Teocalhueiacan (Mdz5v)

Teocalhueiacan (Mdz5v)
Compound Glyph

Glyph or Iconographic Image Description: 

This compound glyph for the place name Teocalhueiacan has two principal components. One is a temple of the type called teocalli. It is a pyramidal construction with many steps and a calli (house, building) at the top. The calli has a T-shaped wooden beam entrance and a thatched roof. The temple and the house above it are both shown in profile, facing left. One red, bifurcated flame and four curls of purple-orange smoke emerge from the lower part of the calli atop the pyramid. The locative suffix (-can, where) is not shown visually. Below the teocalli is a classic tepetl (hill, mountain), with its two-tone green bell shape, rocky outcroppings on its slopes, and horizontal yellow and red lines at its base. The tepetl can serve as a silent locative in place of the -can locative suffix, which is not shown visually.

Description, Credit: 

Stephanie Wood

Added Analysis: 

The placement of the calli on top of a temple with the steps clearly on the left side, suggests that both are shown in profile, facing left. In this collection of glyphs, we are suggesting that the calli glyph is typically shown in profile. We do not concur with Joaquín Galarza, who suggests that the calli glyph is simply half of a building in a frontal view.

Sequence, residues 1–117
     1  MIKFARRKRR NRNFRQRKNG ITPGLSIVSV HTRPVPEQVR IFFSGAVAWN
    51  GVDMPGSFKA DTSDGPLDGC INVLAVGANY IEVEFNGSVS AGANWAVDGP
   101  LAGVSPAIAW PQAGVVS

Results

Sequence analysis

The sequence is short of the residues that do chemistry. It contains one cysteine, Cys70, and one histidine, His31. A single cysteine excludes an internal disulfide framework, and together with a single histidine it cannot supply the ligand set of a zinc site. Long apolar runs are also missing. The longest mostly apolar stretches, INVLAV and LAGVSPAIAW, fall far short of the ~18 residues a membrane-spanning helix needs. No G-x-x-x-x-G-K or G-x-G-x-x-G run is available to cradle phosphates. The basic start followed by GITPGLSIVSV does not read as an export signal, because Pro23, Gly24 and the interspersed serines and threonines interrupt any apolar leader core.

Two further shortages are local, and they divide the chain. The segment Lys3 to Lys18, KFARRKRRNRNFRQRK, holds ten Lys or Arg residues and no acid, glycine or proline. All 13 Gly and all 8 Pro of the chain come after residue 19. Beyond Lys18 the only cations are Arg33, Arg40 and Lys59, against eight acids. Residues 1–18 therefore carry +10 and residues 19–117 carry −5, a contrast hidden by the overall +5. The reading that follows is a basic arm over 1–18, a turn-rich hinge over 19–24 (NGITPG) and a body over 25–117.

Why the temple is burning, bearing the characteristics of the noun tepehualiztli, is unclear. It may be a pueblo that was attacked and brought under imperial hegemony. For other examples of glyphs and iconography relating to teocalli temples, see below. The tepetl does not have a phonetic role here, but may indicate an elevated geographic location for this temple. It could also be a glyph for altepetl or pueblo. The place name has, imbedded in it, the word hueiatl, which refers to a large body of water, such as a sea or a large lake or river. The body of water is not shown visually, but this temple would appear to have been located on a body of water.

Added Analysis, Credit: 

Stephanie Wood

Gloss Image: 
Gloss Diplomatic Transcription: 

teocalhueyacan. puo

Gloss Normalization: 

Teocalhueiacan, pueblo

Gloss Analysis, Credit: 

Stephanie Wood

Source Manuscript: 
Date of Manuscript: 

c. 1541, or by 1553 at the latest

Creator's Location (and place coverage): 

Mexico City

Semantic Categories: 
Writing Features: 
Cultural Content, Credit: 

Stephanie Wood

Parts (compounds or simplex + notation): 
Reading Order (Compounds or Simplex + Notation): 

temples, templos, mares, lagos, ríos, conquista, fuego, humo, cerros, montañas

Glyph or Iconographic Image: 
Image Source: 
Image Source, Rights: 

The Bodleian Libraries, University of Oxford, hold the original manuscript, the MS. Arch. Selden. A. 1. This image is published here under the UK Creative Commons, “Attribution-NonCommercial-ShareAlike 3.0 License” (CC-BY-NC-SA 3.0).